We of course explored the flavors of the Pumking Family, (including the new Caramel Pumking), and if you're a Pumking fan, one date to put on your calendar is Saturday, September 9th because it's Pumking Fest starting at noon at Southern Tier Brewery. Another prominent date is the following day, Sunday the 10th as they are releasing their CLE Brew'd Brown Ale and celebrating the game with $5 dollar drafts of the football season's brew.
To be continued...
Last night, I met with Lydia from Southern Tier at their taproom on Prospect with the intent of doing a fall preview… but… when you get two people together who are passionate about beer, food and love their jobs, well, it turns into something bigger, and well, we ended up closing the place down.
The thing is, everything I've ever had from Southern Tier, I've liked, (and would go as far as to say loved), so it was truly a pleasure to hang out and learn the methods to their insanely delicious madness. They take flavor seriously, have a great work environment, (similar to 107.3, the coworkers really care about each other), and have an incredibly knowledgeable and passionate staff.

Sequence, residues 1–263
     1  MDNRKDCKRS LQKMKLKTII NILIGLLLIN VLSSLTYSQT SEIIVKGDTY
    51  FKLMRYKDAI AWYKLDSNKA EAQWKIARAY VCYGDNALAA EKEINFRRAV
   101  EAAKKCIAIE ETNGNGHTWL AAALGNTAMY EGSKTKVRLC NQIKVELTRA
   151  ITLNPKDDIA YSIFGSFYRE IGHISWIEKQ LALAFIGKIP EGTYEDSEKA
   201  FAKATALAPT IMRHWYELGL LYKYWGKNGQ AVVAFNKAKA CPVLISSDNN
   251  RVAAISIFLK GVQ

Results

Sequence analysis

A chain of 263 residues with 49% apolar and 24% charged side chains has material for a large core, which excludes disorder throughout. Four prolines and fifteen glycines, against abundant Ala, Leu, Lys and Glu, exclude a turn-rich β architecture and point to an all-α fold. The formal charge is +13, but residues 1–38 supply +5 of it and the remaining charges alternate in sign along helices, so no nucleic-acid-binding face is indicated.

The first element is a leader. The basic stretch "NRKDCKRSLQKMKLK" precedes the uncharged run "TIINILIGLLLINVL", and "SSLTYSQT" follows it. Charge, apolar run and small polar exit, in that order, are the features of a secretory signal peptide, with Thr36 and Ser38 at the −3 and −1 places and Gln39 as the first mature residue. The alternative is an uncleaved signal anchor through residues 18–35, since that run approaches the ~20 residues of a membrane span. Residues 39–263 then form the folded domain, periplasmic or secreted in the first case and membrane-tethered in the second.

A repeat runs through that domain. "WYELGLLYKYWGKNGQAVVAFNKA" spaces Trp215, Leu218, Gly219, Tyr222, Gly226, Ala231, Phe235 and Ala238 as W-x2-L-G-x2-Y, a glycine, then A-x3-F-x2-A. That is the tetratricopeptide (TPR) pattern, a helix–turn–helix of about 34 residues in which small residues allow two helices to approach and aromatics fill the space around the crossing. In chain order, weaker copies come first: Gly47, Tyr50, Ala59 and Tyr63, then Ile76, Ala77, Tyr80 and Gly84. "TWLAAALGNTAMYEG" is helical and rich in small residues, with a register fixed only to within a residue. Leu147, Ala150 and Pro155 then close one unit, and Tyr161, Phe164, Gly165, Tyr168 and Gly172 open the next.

We covered the seasonal layers of flavor, food and beer pairings, (along with what's a bad idea to pair, but that one was all me), and how it changes what you thought you tasted, local ingredients, and what makes Cleveland such a great beer city. So this is now part 1. Some of what I learned is if you’re testing out a new brewery, do what actual brewers do and check out their pilsner, or a lager as they’re harder to perfect than you think, so testing that will reveal more than trying a hazy IPA that can cover flaws. I learned how to appropriately taste a beer, and it starts with a quick pass of the nose. Second, take a little longer to sniff. Take a tiny taste, give it a beat then a bigger sip to get the full experience of the flavors of the beer. Even though I had already had some of the beers in the flight, doing this really was like taking a moment to enjoy the beer fully.